Billy’s Bakery Expands


             Like the dough for the breads, success is rising for Bill Hollis, the owner/operator of Billy’s bakery, which recently moved to larger quarters at 1885 Black Rock Turnpike.            The new 3,500-square-foot space at the corner of Katona Drive, provides Bill and Beth Hollis and staff, opportunity to expand the bakery’s product line while giving customers an open window onto the skills and craftsmanship of these artisan bakers as they bake in an open area which houses four ovens  - two for breads, one for pastries and one for bagels. Bagels? Yes, bagels – the New York kind that Hollis first boils then bakes in a stone hearth oven.

“People love the bagels,” Hollis said. “They are soaring out of here.”

And so are the exquisite baked goods: pastries, tarts, breads, dinner and hamburger rolls, sheet cakes, carrot cakes, cheesecakes, muffins, brownies, cookies and cinnamon buns. Let’s not forget the pie plate-shaped layer of brownies topped with a layer of chocolate chip cookie. Soon the bakery will be selling an expanded line of cakes and cupcakes.

            What customers have come to understand about Hollis is that he is truly a man who loves baking. This is a man whose priority is baking products with the best ingredients. This is a man who gave up a lucrative position as vice president of operations for his father-in-law, Stew Leonard, Sr., to open his own bakery, and he couldn’t be happier. Neither can his wife Beth Leonard Hollis, who runs the Stew Leonard’s mail order business while offering support services, including marketing, for the couple’s family bakery.

She started Bethy’s Bakery in the Stew Leonard’s flagship store in Norwalk in 1984 after she had taken lessons in baking in a bakery north of Paris, France, where she had spend her junior year from Skidmore and subsequently did graduate work studying French and literature in France.

            Beth Hollis immersed herself in the French culture and the art of baking. She returned to this country with thoughts to take a job with a French baking company in Washington, D.C. Then she suggested to her father that maybe his store should sell croissants. He was glad his daughter way rethinking her career path and was considering joining the family business.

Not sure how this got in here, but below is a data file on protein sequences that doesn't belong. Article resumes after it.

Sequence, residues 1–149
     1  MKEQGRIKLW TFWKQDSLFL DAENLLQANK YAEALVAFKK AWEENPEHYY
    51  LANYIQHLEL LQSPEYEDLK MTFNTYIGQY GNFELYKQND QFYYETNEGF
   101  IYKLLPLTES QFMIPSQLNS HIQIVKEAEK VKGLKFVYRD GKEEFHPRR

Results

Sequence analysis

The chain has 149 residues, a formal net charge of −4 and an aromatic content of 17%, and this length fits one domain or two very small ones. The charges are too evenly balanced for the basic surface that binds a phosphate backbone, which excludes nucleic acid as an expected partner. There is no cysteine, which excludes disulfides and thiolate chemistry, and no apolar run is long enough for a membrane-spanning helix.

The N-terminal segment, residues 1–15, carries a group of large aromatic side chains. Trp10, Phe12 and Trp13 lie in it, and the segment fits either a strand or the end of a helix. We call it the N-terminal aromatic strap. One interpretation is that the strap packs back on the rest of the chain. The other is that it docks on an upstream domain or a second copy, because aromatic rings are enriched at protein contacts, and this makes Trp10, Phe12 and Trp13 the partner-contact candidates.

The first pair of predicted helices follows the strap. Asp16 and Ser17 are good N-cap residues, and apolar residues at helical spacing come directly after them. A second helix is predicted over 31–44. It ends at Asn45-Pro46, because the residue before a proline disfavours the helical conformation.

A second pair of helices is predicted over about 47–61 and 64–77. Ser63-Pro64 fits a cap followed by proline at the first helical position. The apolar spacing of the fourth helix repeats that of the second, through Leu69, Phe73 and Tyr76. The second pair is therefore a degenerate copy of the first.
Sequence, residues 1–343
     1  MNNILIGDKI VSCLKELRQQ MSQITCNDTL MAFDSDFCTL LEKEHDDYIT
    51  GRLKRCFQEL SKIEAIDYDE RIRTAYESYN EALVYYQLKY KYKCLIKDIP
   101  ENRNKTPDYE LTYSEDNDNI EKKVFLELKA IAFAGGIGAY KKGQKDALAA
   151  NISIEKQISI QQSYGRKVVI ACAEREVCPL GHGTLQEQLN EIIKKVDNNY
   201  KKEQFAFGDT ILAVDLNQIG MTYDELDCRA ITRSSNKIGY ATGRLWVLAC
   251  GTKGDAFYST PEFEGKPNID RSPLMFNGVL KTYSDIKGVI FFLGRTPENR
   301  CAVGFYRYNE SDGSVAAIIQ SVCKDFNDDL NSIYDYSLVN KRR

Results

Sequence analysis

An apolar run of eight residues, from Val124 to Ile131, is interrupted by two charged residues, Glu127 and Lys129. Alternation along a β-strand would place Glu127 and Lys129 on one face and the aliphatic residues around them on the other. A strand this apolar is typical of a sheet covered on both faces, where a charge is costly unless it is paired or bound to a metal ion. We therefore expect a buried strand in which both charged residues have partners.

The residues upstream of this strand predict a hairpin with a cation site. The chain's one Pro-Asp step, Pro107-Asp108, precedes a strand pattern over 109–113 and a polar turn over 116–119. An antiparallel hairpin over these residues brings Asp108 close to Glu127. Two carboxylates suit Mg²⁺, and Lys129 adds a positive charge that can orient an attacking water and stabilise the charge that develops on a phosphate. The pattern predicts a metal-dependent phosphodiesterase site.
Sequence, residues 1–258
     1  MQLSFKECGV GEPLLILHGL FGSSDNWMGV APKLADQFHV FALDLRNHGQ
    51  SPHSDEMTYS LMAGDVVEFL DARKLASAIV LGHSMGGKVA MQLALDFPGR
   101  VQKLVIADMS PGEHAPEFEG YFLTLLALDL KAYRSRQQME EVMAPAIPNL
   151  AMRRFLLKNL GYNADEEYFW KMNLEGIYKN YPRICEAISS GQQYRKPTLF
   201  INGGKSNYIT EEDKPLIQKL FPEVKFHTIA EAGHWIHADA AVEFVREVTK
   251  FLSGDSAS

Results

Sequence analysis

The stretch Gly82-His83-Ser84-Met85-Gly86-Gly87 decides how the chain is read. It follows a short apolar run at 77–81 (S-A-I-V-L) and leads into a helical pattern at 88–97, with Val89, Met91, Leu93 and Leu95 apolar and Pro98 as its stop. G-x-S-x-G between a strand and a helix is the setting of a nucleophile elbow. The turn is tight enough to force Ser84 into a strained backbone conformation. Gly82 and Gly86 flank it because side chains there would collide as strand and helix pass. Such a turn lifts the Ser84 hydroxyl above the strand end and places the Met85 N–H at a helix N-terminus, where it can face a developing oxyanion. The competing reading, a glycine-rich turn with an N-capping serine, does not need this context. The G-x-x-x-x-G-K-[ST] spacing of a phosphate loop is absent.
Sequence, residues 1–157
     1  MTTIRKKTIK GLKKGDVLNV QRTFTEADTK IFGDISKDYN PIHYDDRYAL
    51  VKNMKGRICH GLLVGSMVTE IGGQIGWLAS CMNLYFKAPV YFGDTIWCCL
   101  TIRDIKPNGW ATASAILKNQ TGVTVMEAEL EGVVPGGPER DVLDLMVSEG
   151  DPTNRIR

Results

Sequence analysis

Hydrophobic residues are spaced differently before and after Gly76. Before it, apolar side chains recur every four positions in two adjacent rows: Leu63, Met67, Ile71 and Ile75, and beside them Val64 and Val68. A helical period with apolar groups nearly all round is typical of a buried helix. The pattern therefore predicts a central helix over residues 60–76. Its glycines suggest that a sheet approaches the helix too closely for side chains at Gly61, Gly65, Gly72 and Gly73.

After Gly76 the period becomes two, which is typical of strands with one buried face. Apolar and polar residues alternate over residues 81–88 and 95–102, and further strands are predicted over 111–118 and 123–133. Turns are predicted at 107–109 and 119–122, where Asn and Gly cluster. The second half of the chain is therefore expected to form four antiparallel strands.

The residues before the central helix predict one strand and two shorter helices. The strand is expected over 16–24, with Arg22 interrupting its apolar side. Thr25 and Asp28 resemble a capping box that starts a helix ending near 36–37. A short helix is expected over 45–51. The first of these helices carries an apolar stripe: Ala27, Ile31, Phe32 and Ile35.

Stew, Sr. said, “That’s great, but what’s a croissant?

            Thanks to the Hollis family, Stew, Sr. and the rest of the Leonard family is well family with croissants and the breads that Hollis has made his signature product for Billy’s Bakery.

            Praise for Hollis’s accomplishments as a bakery come from the highest echelon in French baking.. Didier Rosada, one of the best bread bakers in the world, who coaches expert bakers like Hollis, spent time recently with Hollis coaching him in the baking of new breads, especially whole grain breads that consumers are seeking, and Hollis can now offer with his new ovens.

            Rosada said Hollis has the one ingredient vital for a successful bakery and that is  his “passion” for the work he does. Hollis’ passion is obvious as he offered a visitor a tour of the facility that was bustling with staff helping customers while bakers worked in open view behind the showcase that held a variety of cheeses and prepared sandwiches that Billy’s Bakery is now offering.

            Discussing the additions to his product line with the added space, Hollis noted that his customers have been requesting cheese, since a popular cheese shop on Black Rock Turnpike had closed. He also realized that his prepared gourmet sandwiches, made on the premises by staffer Justin Edo, fill a need at the bakery’s new location. One tempting sandwich consisted of prosciutto with goat cheese, cilantro on a wholewheat baguette.

            In addition, the bakery set up a coffee bar with a variety of dark, Colombian and other gourmet flavors that rotate on a weekly basis. Other new features include the flower corner filled with buckets of flowers; shelves stocked with specialty pastas and imported olive oils, plus fig jams and honey to complement the breads.

            As he offered his tour, Hollis noted the new product line that he has added just within the one month of his relocation. The showcase of baked goods include his first-time offering of three different kinds of cheesecake; white chocolate, mocha and a plain cheesecake. Another addition is his carrot cake with cream cheese icing and his chocolate sheet cakes.